But he was the second running back up against Houston on Saturday. And after slashing through blocks and around the edges of the Texans' defense for 54 yards on just eight first-half carries, he is second to none in the league in rushing yardage so far this preseason, with 120 yards on 16 carries.
Yeah, yeah, it's just preseason. The Broncos know that. Hillman, in his fourth year, knows that. Last year's preseason rushing leader, Baltimore's Lorenzo Taliaferro, gained just 292 yards in limited duty in the regular season. No one's breaking out the streamers and balloons to herald Hillman's arrival.
But there's something different about the San Diego State product now. As the offense as a whole searches for consistency in a tweaked scheme, Hillman appears more comfortable now than ever before.
"He’s moved himself up. He’s had a really good camp," Head Coach Gary Kubiak said after Saturday's game. "... He deserves more reps and if he keeps playing like that he’ll continue to get some more."
Kubiak has always noted that he won't strictly have No. 1 and No. 2 running backs; instead, they will be 1 and 1a. The best example of how that worked for him came in the 2011 season with the Houston Texans, when backup Ben Tate had 175 carries -- 62.9 percent as many as first-teamer Arian Foster. They combined for 2,166 yards and the Texans sprinted to their first division title. The No. 2 back will play -- and he could see a lot of work, the story said. Right now, C.J. Anderson figures to be the lead back with Montee Ball also a factor. But Hillman has been good and the Broncos appear to have three legit threats. While Anderson is a popular early round pick after stepping up late last season, it looks like at least Hillman is trying to make a push for playing time.
Add the Ravens backfield to the positions hit by the injury bug.
“I don’t have the degree on it yet, but it’s going to be a few weeks for Lorenzo,” Harbaugh said.
Taliaferro was listed as the Ravens No. 2 running back behind Justin Forsett, but now rookie fourth-round pick Buck Allen will likely see an increased workload for the rest of the preseason and potentially early in the regular season. Behind Allen is second-year back Fitzgerald Toussaint and undrafted rookie Terrence Magee.
Saturday, August 22, 2015, 8:33pm
But what they saw out of Sam Bradford in his first game back from his twin torn ACLs still had them holding their breath.
Bradford took several hard shots from the Ravens on his opening drive, with linebacker Terrell Suggs drawing a penalty after diving at his legs, and then defensive lineman Brandon Williams pounding him into the ground.
But Bradford led a crisp touchdown drive also, an 11-play, 84-yard march capped by a Ryan Mathews touchdown run. He completed 3-of-5 passes, but taking so many shots so early in his comeback will create a worry. That’s probably why Mark Sanchez took the field for the second possession, making it a short night for Bradford, the story said.
Ravens beat writer Jeff Zrebiec:
He's caught balls underneath, he's caught deep passes, he's drawn pass interference penalties. Nobody on the Ravens has been able to match up. If Matthews stays healthy, I'd be shocked if he didn't have a big year.
The offseason buzz has been strong. With Jeremy Maclin gone, Matthews will have to play more than the 65% of the snaps that he played as a rookie. He was the #24 WR in standard formats, so increased playing time should lead to a better finish. He won't be limited to the slot in 2015.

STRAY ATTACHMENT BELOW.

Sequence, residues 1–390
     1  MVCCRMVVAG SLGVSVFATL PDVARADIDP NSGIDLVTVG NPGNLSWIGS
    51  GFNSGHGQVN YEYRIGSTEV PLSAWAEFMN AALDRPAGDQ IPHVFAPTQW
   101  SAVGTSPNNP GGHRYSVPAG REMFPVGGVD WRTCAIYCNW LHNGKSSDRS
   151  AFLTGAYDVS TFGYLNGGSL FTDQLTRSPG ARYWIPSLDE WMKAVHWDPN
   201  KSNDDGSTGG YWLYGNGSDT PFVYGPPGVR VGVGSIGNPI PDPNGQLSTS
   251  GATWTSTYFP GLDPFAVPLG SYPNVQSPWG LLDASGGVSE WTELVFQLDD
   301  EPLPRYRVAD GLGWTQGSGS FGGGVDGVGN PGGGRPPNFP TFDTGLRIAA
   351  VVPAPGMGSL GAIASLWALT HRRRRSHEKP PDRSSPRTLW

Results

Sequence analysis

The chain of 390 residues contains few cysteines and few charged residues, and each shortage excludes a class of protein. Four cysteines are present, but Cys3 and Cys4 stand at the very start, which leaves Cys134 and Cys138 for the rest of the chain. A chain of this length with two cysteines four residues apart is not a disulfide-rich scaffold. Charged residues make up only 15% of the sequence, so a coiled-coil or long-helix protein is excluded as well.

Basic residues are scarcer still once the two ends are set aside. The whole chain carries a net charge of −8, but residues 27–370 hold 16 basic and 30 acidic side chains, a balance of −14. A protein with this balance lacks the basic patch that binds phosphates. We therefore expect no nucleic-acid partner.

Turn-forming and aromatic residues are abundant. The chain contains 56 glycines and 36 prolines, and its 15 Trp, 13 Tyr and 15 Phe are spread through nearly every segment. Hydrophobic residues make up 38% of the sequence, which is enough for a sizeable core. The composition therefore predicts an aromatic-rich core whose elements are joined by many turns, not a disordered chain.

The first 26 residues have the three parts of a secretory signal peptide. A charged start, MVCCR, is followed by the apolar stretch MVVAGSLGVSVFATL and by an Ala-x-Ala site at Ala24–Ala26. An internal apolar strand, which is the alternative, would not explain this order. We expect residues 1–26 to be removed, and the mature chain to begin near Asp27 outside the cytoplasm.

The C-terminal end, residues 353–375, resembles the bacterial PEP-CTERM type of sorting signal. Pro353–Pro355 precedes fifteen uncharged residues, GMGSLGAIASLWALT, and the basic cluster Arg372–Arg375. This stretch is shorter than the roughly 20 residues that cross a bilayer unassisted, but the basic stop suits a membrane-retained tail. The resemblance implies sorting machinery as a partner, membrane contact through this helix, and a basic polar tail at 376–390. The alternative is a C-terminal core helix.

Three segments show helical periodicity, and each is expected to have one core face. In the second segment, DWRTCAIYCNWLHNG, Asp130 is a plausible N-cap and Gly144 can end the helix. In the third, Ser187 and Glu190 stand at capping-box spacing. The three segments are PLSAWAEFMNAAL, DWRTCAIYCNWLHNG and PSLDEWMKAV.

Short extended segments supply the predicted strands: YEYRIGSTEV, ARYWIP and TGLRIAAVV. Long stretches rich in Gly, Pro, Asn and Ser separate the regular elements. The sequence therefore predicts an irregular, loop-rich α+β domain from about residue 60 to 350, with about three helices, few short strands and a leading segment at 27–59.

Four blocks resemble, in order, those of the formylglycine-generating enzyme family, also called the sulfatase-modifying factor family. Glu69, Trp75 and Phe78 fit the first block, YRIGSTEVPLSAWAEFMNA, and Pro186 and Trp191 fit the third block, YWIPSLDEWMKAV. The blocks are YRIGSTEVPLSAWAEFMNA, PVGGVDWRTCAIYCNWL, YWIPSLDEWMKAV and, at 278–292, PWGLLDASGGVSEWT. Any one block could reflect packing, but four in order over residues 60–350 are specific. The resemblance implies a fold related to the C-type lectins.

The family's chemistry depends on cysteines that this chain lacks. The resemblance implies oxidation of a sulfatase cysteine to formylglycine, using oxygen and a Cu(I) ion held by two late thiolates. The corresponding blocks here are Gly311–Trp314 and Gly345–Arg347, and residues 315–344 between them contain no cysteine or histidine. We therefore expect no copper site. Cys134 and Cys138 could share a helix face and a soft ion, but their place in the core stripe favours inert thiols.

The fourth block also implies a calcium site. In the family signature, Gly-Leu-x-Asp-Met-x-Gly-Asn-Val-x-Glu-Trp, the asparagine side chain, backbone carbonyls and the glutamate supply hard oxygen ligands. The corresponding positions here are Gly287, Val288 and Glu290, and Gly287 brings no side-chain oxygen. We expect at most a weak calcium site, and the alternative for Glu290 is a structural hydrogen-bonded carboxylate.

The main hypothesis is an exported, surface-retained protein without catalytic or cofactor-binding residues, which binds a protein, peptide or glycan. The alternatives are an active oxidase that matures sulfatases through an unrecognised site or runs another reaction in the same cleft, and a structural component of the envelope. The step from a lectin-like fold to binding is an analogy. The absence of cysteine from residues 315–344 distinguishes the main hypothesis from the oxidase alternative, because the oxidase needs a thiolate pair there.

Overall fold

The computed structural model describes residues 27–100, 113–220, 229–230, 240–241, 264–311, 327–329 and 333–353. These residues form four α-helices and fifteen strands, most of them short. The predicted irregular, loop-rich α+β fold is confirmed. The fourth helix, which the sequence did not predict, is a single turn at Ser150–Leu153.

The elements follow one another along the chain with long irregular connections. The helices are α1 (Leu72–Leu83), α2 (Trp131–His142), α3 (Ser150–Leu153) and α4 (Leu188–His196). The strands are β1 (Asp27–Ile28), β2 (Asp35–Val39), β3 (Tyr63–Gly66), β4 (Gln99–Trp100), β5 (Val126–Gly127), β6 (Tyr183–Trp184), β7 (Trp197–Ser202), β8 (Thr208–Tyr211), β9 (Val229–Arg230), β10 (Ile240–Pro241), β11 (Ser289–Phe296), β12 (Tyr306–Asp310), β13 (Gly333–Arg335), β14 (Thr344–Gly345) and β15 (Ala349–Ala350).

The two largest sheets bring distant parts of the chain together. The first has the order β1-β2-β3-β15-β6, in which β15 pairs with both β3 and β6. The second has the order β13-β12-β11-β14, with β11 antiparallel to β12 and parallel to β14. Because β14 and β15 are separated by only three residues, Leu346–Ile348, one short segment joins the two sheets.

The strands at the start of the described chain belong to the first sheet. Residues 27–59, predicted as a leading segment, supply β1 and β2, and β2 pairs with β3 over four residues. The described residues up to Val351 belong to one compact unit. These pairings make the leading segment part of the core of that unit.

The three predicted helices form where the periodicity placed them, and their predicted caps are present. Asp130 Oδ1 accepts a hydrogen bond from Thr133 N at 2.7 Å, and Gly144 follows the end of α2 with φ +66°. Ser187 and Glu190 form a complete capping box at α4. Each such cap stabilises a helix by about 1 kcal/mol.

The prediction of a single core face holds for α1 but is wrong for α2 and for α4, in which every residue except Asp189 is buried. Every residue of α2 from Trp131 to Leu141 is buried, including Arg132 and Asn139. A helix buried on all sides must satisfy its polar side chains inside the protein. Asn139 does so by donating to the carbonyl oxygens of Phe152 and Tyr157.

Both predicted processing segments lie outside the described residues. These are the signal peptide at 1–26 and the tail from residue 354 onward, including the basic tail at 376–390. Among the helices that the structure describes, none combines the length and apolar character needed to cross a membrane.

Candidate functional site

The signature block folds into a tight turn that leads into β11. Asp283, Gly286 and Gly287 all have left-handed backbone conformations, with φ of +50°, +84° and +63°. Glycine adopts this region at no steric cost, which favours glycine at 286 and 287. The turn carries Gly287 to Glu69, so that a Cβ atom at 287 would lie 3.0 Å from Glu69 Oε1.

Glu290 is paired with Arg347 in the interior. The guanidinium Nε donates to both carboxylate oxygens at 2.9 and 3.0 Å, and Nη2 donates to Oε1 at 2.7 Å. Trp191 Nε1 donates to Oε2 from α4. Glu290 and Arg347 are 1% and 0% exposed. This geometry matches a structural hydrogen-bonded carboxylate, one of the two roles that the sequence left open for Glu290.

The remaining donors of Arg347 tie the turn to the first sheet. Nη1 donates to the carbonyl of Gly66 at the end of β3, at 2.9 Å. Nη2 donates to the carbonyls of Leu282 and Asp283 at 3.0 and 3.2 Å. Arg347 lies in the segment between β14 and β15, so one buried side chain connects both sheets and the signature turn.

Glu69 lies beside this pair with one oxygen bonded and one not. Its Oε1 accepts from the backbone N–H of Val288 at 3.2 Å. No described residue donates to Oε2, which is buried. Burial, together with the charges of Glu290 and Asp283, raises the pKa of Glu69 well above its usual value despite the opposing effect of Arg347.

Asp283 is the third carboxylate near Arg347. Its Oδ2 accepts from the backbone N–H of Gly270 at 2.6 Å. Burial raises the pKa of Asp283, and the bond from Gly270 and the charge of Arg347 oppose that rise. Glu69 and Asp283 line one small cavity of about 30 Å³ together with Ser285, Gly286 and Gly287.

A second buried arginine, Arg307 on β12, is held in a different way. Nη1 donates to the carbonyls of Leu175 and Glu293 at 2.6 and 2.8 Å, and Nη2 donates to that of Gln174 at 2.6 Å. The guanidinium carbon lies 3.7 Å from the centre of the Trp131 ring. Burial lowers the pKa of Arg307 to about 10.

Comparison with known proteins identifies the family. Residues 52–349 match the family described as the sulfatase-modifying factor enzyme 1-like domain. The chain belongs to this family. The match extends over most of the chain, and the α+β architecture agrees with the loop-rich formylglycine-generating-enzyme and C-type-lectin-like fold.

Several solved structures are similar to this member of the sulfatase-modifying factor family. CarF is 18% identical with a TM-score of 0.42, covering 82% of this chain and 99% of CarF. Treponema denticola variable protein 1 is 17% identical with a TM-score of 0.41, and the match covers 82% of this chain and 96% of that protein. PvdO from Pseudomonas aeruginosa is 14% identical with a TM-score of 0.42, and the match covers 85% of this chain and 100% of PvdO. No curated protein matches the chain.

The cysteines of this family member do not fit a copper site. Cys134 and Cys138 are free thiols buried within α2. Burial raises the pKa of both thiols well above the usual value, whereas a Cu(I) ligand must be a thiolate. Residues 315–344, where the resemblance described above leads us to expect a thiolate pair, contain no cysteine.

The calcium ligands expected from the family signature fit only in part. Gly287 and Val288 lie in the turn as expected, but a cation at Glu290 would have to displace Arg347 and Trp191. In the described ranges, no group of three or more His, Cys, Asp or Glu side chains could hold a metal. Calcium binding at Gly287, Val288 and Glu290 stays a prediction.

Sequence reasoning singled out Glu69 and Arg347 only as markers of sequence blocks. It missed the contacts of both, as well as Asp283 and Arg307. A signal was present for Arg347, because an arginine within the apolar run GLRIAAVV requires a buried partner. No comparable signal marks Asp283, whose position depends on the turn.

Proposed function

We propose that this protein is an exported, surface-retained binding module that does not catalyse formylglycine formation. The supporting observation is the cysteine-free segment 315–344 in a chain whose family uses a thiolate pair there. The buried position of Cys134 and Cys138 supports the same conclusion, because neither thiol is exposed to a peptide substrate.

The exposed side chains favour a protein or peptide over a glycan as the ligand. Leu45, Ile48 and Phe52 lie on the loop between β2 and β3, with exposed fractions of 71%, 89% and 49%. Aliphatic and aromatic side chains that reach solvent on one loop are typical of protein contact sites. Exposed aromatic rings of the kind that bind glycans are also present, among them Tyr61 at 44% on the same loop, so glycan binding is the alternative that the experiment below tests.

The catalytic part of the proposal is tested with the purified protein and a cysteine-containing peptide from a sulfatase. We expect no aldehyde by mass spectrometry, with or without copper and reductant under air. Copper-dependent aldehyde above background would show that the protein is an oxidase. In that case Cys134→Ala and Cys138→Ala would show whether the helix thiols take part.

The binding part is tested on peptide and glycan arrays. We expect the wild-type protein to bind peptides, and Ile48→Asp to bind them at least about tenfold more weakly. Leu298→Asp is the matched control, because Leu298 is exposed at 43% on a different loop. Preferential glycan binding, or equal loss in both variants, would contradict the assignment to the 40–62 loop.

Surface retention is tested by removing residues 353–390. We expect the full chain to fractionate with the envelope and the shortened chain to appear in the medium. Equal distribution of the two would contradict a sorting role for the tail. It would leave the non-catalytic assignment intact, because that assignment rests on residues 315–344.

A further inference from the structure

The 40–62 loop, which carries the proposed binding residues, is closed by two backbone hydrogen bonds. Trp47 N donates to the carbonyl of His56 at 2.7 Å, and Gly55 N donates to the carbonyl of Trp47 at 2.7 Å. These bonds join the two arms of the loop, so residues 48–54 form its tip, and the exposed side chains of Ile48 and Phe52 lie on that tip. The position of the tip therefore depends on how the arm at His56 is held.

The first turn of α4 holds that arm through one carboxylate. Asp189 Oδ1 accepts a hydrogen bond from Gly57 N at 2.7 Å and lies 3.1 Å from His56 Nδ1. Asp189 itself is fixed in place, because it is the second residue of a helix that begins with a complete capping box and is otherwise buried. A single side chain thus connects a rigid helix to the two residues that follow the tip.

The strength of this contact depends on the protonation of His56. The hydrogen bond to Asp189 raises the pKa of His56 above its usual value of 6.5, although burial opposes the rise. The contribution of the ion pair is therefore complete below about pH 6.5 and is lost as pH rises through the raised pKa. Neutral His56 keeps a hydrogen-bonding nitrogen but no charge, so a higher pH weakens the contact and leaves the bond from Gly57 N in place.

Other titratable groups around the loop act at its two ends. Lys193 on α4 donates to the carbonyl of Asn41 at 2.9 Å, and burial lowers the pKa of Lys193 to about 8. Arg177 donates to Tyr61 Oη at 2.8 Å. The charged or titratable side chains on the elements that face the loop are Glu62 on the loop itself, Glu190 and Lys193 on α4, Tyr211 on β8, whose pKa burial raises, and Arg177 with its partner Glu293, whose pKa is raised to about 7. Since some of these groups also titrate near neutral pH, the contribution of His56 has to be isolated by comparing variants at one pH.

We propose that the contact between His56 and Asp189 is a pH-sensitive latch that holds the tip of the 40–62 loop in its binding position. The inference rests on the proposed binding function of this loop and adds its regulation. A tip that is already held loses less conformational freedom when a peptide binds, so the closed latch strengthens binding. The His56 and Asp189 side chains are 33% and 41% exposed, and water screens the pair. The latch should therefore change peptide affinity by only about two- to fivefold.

Ravens beat writer Jeff Zrebiec:
I’ve been saying for months that Marlon Brown is a lock for one of the wide receiver spots in what has been the most-scrutinized position competition of training camp. But now, I’m not so sure.
Brown, to no fault of his own, missed most of the first couple of weeks of training camp with back and hamstring injuries. But since his return, he hasn’t looked right.
He isn’t getting a ton of reps and he’s been extremely tentative, failing to get much separation on defensive backs. I’m sure the injuries have a lot to do with it, but Brown may be playing himself onto the roster bubble, especially if Michael Campanaro stays healthy and Jeremy Butler and Darren Waller have good preseasons.
Two weeks ago, I would have predicted with some confidence that the Ravens’ regular-season roster would include seven receivers: Steve Smith, Kamar Aiken, Brown, Campanaro, Breshad Perriman, Waller and Jeremy Butler. Now, I’m not so sure.
Campanaro is making a push to be the team's slot receiver, and if Perriman returns and takes over as the WR2, then Brown will be vying with Aiken for snaps as the team's WR4. If Perriman remains sidelined, then Aiken/Brown could be battling for a starting job.
A sprained PCL usually requires 2-6 weeks of recovery, and Perriman has been out since July 31, when he injured the knee. If he can get healthy, he'll have a tremendous opportunity to make a splash as a rookie in Marc Trestman's offense, but he continues to miss valuable practice reps. He should be ready for Week 1, but may get off to a slow start.
The Ravens didn’t seem to have any answer for Eagles WR Jordan Matthews over the middle, be it shallow crosses or intermediate seam passes, and his touchdown grab was a thing of beauty, beating his man clean to the outside and extending to make the catch. Of course, this is nothing altogether new—Matthews has been tearing it up all camp. Regardless, it was nice to see him as a focal point of the Eagles offense while going up against another team. Big things appear to be in store for Matthews this season.
With Jeremy Maclin gone, Matthews will have to play more than the 65% of the snaps that he played as a rookie. He was the #24 WR in standard formats, so increased playing time should lead to a better finish. He won't be limited to the slot in 2015. He's primed to build on a strong rookie season.
Murray suiting up in Week 1 is clearly the goal for the Eagles as well, as head coach Chip Kelly has admitted he is the reason the running back hasn't been taking part in many team drills.
"The only thing holding back DeMarco is me," Kelly said last week.
Murray increased his workload on Wednesday, taking first-team reps throughout the day against the Ravens. He looked sharp doing so, running hard and not having to spend anytime with trainers.
Murray had a career year in his fourth season, racking up 2,261 total yards and 13 touchdowns on 449 touches. He should get plenty of work in Philadelphia, though the signing of Ryan Mathews and the presence of Darren Sproles make it very unlikely that he’ll approach 450 touches in 2015. LeSean McCoy averaged 353 touches over the past two seasons, so that’s probably Murray’s ceiling if everyone stays healthy. He’ll hold low-end RB1 value, though the presence of Mathews and Sproles may make even that a stretch. The local beat writers are predicting a 50-30-15 split in carries among Murray, Mathews and Sproles. The history of 380-carry running backs isn't pretty when we look at the next season, but those players didn't have Chip Kelly's sports science program to lean on.